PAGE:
Octane Number

A rating of the 'knock' characteristics of motor fuels. The octane number is equal to the numerical value of the percentage by volume of iso-octane, C8H18, in a mixture of iso-octane and heptane, C7H16, having the same knock characteristics as the fuel being tested.

The higher the octane number or rating, the greater are the antiknock qualities of the petrol. A rating of how much fuel can be compressed before it ignites spontaneously.

Research Octane Number (RON)
Heptane 0
Diesel Fuel 15 to 25
ISO-Octane 100
Benzene 101
Methanol 108.7
Methane 120

Methyl Tertiary Butyl Ether

A fuel oxygenate used as an additive to gasoline to increase octane and reduce engine knock.

Tetraethyl Lead

One gram of Tetraethyl Lead increases the octane of one gallon of gasoline about 6 numbers. The EPA has phased down the use of lead in gasoline as it has been determined to be a health hazard. Lead has been prohibited in highway vehicle gasoline since January 1, 1996.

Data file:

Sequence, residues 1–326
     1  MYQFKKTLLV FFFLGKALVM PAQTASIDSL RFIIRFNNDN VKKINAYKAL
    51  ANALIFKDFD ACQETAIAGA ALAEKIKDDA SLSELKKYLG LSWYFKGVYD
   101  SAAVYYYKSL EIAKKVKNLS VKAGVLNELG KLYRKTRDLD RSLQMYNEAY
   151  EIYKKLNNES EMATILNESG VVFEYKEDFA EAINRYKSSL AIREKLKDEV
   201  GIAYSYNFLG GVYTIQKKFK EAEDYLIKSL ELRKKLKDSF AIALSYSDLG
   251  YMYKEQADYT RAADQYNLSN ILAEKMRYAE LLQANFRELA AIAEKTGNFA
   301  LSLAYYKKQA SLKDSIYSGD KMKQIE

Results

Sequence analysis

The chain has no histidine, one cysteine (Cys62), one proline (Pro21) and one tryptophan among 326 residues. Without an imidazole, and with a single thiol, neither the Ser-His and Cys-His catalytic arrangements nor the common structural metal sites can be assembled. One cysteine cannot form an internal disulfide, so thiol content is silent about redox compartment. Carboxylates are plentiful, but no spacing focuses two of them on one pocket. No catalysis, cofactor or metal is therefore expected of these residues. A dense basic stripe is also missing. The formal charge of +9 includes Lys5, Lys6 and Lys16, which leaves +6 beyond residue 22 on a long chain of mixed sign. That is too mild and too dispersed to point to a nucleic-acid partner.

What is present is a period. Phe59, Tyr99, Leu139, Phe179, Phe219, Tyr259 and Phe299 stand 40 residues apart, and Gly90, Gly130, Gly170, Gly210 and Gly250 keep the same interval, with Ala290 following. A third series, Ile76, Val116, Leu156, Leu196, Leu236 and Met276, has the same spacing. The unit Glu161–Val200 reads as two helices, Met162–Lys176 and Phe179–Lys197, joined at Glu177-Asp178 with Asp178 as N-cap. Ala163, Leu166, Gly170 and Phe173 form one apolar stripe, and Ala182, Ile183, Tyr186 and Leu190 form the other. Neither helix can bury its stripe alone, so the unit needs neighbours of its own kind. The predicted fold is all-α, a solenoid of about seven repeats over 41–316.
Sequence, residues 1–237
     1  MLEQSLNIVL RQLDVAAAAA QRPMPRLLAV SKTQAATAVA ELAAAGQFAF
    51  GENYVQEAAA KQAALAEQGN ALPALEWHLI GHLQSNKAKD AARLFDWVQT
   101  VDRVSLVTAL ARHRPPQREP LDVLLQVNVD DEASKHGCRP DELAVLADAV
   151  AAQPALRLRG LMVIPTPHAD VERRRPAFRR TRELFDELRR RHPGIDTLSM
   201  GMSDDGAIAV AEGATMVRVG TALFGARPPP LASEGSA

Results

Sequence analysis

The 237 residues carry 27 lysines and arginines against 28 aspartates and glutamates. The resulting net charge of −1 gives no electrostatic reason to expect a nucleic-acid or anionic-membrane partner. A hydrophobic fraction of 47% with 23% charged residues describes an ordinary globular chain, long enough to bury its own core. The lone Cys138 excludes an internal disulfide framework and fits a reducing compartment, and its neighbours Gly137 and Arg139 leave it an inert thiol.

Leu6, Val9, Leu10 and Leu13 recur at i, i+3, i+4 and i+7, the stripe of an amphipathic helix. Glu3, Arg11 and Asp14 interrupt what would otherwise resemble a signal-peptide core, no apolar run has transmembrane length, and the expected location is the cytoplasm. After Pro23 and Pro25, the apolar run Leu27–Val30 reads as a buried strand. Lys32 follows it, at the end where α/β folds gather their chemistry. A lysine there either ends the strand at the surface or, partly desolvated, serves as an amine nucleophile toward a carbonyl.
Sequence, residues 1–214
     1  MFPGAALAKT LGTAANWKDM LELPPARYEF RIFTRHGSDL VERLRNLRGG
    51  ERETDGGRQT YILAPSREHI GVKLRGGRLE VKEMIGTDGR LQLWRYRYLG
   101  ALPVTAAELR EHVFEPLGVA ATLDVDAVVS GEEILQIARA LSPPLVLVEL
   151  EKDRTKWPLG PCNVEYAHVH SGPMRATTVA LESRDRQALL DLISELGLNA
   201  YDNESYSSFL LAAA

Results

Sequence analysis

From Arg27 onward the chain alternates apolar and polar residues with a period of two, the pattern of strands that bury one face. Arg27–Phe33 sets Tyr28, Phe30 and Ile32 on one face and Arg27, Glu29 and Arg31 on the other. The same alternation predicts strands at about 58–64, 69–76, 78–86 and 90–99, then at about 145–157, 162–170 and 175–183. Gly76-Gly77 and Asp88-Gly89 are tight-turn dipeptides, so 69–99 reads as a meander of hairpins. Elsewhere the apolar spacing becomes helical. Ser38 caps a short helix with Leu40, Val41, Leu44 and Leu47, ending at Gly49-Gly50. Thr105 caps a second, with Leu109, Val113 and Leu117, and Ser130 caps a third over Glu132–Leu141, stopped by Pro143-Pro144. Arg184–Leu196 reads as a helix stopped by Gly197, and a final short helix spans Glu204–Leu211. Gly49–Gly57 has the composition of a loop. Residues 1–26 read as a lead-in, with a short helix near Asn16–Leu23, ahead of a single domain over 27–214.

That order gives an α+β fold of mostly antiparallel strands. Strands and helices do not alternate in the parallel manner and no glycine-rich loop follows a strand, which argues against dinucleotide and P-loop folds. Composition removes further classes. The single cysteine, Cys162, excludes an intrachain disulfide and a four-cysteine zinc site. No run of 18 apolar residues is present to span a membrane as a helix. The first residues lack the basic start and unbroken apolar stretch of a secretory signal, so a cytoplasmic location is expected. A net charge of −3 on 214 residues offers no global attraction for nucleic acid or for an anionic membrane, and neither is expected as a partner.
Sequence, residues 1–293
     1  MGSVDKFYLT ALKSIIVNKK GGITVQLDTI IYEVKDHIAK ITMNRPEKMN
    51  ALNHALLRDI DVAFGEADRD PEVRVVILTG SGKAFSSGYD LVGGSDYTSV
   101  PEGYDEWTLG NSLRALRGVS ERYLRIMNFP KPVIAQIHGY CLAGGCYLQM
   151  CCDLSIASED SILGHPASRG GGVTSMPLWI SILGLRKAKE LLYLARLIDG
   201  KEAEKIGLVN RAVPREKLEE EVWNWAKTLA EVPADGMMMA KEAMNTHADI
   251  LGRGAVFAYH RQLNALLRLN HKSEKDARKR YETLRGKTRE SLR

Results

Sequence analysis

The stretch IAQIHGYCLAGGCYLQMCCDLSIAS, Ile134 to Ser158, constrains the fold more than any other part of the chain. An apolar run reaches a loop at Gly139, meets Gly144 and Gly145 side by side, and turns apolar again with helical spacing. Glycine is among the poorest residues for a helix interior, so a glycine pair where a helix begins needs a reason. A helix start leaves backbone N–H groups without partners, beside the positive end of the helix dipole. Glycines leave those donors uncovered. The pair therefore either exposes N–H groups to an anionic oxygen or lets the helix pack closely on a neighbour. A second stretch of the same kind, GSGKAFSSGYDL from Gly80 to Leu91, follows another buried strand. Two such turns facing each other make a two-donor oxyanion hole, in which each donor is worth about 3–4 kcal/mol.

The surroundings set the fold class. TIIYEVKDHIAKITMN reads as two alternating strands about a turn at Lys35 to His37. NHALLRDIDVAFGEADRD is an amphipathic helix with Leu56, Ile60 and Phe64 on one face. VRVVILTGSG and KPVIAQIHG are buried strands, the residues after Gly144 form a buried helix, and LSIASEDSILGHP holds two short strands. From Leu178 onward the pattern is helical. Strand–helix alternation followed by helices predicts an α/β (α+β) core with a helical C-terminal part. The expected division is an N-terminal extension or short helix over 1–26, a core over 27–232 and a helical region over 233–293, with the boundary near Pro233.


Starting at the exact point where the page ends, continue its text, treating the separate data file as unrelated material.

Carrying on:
Xylene

Derived from petroleum and used to increase octane. Xylene is highly photochemically reactive and, as a constituent of tailpipe emissions, is a contributor to smog formation.

See also: Cetane Number, Engine Knock, Methyl Tertiary Butyl Ether, Tetraethyl Lead, Xylene.

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Subjects: Chemistry Mechanical Engineering